A cacophony of sound. Yes that is what I heard as I put my head on the pillow at midnight in the Thai Garden Inn on the edge of Kanchanaburi. Frogs, cicadas, a distant rooster, night birds and a host of small insects whose names I couldn't possibly pronounce.
Kanchanaburi lies a hundred miles to the north west of Bangkok and is famous because the River Kwai Yai flows through it - under the famous Bridge on the River Kwai. I couldn't do everything in the thirty six hours I was there but I visited two war cemeteries, a large Buddhist temple complex and two museums that tell the story of the Japanese Death Railway. Between 1941 and 1943, 100,000 men died in the construction of this vital link between Thailand and the Burmese coast. Nearly seven thousand of them were young British prisoners of war brought up in cramped box carriages from Singapore and Malaya. Around 40,000 were Malays and a further 40,000 were Burmese. Many Dutchmen and Australians also perished.
The cruel single-mindedness of the Japanese seemed to know no bounds. Dysentery and cholera were rife. There were tropical ulcers and festering wounds. So many heartbreaking stories. Food supplies were paltry and equipment to drive the railway through the mountains was very limited - disposable human muscle power being the principal resource. At the Jeath Museum in the grounds of Wat Chaichumpol Temple, the visitor leaflet closes with these salutary words - "May Peace Always Conquer Violence".
Cycling back from Chungkai War Cemetery, I was startled by a six foot crocodile that had been resting in the grass at the side of the road. It made a swift beeline for the bushes. Later, I was surprised to discover that the Siamese crocodile is extremely rare - a truly endangered species. I guess it could have been a different kind of croc. It all happened so quickly. I'm just so glad it didn't choose to rear up from the tall grass and take a chunk out of my left leg! Sir Chris Hoy or Lance Armstrong never had such problems when cycling.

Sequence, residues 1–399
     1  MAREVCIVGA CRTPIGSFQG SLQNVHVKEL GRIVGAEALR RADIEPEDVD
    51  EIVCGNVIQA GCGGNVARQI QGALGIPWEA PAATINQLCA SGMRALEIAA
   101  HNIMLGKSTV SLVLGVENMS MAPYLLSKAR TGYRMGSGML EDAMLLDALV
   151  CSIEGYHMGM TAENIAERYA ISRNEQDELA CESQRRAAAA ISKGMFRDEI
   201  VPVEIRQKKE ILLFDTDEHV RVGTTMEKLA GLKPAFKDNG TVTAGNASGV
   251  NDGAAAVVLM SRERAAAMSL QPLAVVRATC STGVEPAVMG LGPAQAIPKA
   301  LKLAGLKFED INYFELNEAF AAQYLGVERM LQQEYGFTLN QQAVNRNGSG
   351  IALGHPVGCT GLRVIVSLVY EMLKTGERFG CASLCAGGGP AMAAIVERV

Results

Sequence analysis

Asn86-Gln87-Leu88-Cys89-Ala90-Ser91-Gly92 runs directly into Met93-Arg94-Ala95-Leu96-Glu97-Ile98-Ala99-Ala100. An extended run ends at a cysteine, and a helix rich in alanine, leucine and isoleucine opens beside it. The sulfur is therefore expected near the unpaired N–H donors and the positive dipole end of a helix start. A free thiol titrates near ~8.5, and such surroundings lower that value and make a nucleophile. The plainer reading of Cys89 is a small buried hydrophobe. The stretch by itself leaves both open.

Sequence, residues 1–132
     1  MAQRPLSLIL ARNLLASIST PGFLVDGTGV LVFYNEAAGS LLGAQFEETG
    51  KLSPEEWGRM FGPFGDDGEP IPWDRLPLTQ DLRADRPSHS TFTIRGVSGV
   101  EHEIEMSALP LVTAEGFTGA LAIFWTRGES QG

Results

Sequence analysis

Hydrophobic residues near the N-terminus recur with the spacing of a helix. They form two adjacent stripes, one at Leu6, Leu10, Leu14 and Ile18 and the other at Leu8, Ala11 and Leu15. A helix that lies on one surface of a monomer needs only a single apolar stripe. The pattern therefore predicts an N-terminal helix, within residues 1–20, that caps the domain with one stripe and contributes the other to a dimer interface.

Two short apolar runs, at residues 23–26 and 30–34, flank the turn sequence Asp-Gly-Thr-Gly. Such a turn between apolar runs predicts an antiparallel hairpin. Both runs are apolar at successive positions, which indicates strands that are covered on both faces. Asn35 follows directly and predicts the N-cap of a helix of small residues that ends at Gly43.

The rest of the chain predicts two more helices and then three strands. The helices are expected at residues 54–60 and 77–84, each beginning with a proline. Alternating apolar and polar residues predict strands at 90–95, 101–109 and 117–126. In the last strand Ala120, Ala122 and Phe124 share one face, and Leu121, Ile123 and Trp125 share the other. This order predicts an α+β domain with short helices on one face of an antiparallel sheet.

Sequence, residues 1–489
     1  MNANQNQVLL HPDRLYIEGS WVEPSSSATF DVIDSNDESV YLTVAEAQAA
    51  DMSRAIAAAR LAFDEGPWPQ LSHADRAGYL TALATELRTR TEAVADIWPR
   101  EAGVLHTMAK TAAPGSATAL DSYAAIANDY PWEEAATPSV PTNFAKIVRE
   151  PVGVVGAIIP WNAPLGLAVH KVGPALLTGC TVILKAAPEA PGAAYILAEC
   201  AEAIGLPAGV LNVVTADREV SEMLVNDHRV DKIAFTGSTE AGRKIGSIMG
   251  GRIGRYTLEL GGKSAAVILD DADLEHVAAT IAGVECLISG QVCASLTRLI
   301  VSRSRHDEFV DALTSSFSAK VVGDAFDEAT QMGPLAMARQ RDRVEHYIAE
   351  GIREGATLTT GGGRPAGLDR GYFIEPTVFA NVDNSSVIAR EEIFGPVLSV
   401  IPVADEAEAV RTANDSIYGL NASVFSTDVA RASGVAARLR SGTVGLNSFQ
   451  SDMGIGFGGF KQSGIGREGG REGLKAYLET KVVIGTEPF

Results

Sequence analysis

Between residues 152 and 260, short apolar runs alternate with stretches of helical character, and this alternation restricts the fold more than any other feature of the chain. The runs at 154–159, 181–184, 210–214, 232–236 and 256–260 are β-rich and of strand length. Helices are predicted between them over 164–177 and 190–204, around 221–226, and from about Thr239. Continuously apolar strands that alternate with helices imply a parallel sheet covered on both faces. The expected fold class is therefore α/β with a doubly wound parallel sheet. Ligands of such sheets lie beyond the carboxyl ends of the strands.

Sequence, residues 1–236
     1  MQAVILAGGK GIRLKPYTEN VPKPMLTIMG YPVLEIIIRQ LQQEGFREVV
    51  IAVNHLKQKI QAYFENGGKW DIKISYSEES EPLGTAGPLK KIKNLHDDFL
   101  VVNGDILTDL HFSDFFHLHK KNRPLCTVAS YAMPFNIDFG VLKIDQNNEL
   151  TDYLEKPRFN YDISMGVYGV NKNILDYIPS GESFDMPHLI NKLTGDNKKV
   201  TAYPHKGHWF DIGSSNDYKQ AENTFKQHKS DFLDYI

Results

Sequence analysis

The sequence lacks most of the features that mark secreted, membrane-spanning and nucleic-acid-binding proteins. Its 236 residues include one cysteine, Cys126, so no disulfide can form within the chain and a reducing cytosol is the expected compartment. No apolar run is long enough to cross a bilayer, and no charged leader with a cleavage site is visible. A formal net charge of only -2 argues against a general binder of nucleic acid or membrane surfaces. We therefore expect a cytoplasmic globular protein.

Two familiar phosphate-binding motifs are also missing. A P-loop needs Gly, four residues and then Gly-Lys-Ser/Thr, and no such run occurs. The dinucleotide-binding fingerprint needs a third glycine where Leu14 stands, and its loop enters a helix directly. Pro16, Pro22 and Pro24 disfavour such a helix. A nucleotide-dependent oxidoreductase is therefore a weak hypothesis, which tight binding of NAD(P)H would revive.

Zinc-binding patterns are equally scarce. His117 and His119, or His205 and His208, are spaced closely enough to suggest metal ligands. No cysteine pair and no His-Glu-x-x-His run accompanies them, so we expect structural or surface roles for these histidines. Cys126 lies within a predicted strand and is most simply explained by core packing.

I swam dozens of lengths of the lukewarm hotel pool, separately met two people from Sheffield and had a whole riverside restaurant to myself as I ate a delicious Thai meal watching the swirling mountain waters flow past me. I rode back to Bangkok in a cramped minibus - £3 for the trip - and after battling through the city's eternal traffic jam I was deposited at a bus station just a mile from my serene guesthouse.
Walking across the Sood Jai Bridge, I had looked at the verdant river vista before me with distant and strangely shaped mountains beyond, shimmering in a haze of heat and had whispered to myself "Yes - this is really Thailand". A dragon boat had powered through the water as I had noticed a little palm leaf house in the shadow of the arching concrete. Here's my latest photo album:-
Dedicated to the memory of a random member of the British army: 996278 Gunner H.Heward who died on October 8th 1943 at the age of thirty one. How very different his visit to the River Kwai must have been. May he rest in peace...